Personality Configurations in Self-Managed Teams: A Natural Experiment on the Effects of Maximizing and Minimizing Variance in Traits

Stephen E. Humphrey, John R. Hollenbeck, Christopher J. Meyer, Daniel R. Ilgen

Research output: Contribution to journalArticle

19 Scopus citations

Abstract

In this study, we examined the impact of seeding teams to create maximal and minimal levels of extroversion and conscientiousness variance. Using the theories of complementary and supplementary fit, we make predictions regarding the main and interactive effects of extroversion and conscientiousness variance on performance. Testing our hypotheses in a longitudinal study of MBA teams, our results demonstrate that the combination of minimizing conscientiousness variance (consistent with complementary fit) and maximizing extroversion variance (consistent with supplementary fit) produced the highest levels of short-term and long-term performance.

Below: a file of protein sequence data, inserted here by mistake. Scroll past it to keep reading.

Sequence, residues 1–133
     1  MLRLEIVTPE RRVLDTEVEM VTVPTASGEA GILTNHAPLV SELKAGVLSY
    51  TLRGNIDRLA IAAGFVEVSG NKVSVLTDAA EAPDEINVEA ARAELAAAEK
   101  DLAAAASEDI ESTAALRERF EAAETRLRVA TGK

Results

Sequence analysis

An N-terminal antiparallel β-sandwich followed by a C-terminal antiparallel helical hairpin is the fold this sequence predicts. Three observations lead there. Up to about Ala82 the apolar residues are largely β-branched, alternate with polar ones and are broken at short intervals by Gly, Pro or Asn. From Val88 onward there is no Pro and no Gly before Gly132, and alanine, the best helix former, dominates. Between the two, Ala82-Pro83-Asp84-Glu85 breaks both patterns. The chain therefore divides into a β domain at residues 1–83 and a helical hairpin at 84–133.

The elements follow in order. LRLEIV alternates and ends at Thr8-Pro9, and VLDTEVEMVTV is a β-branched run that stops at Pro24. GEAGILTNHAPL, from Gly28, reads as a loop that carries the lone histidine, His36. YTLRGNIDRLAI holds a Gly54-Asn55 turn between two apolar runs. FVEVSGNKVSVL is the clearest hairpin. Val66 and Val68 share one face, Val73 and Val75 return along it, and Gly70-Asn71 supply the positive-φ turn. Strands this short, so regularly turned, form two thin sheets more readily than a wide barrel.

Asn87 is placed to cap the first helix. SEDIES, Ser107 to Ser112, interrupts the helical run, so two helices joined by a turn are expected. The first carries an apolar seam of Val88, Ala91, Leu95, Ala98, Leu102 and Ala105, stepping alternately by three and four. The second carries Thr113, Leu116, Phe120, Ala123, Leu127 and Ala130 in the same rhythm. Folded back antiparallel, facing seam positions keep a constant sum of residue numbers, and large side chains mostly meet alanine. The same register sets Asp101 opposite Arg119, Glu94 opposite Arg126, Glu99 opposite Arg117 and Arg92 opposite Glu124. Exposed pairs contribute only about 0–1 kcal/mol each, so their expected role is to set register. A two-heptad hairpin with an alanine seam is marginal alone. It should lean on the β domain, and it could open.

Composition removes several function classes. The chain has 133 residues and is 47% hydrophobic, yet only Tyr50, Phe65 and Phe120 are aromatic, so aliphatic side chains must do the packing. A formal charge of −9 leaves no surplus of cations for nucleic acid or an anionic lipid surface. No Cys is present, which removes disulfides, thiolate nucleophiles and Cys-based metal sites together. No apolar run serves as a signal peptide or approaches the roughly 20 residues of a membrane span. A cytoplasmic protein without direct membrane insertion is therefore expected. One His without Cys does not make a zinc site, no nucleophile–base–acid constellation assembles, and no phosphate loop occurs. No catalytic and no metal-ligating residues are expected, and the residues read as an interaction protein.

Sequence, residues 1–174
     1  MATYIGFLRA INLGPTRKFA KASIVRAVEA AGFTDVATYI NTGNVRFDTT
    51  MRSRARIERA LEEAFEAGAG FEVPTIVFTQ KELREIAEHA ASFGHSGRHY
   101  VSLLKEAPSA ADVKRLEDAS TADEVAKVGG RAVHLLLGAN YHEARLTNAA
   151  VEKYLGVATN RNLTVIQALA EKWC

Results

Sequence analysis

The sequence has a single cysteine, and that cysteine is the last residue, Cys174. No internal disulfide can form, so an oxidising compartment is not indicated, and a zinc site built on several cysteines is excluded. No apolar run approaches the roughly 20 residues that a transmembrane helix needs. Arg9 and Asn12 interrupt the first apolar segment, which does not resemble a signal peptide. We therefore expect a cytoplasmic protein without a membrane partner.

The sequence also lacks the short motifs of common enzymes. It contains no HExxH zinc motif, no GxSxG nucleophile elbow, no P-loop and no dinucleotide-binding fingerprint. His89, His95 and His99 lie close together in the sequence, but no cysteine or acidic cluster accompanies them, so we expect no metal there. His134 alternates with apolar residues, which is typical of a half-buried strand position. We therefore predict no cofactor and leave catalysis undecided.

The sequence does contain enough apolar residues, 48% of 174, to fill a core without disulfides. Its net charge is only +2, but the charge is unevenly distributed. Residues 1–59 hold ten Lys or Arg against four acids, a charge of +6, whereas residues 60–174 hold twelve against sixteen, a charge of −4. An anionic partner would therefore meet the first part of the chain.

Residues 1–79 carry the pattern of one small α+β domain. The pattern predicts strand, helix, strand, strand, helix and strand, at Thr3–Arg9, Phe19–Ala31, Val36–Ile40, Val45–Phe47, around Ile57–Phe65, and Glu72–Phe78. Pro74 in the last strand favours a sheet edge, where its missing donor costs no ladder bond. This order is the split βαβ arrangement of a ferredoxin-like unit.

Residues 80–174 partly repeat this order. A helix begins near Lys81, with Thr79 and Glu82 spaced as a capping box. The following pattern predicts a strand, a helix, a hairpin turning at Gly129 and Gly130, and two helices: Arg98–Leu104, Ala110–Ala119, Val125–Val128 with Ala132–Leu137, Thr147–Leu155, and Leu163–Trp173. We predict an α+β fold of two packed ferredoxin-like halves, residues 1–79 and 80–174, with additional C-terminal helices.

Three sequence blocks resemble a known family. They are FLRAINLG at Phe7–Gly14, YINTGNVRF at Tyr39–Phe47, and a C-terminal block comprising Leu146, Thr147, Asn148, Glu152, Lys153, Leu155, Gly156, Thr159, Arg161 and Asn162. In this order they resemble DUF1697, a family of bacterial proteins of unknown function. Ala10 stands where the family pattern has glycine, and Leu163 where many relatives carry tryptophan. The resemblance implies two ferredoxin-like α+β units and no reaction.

Original languageEnglish (US)
Pages (from-to)1701-1732
Number of pages32
JournalJournal of Applied Social Psychology
Volume41
Issue number7
DOIs
StatePublished - Jul 1 2011

All Science Journal Classification (ASJC) codes

  • Social Psychology

Fingerprint Dive into the research topics of 'Personality Configurations in Self-Managed Teams: A Natural Experiment on the Effects of Maximizing and Minimizing Variance in Traits'. Together they form a unique fingerprint.

  • Cite this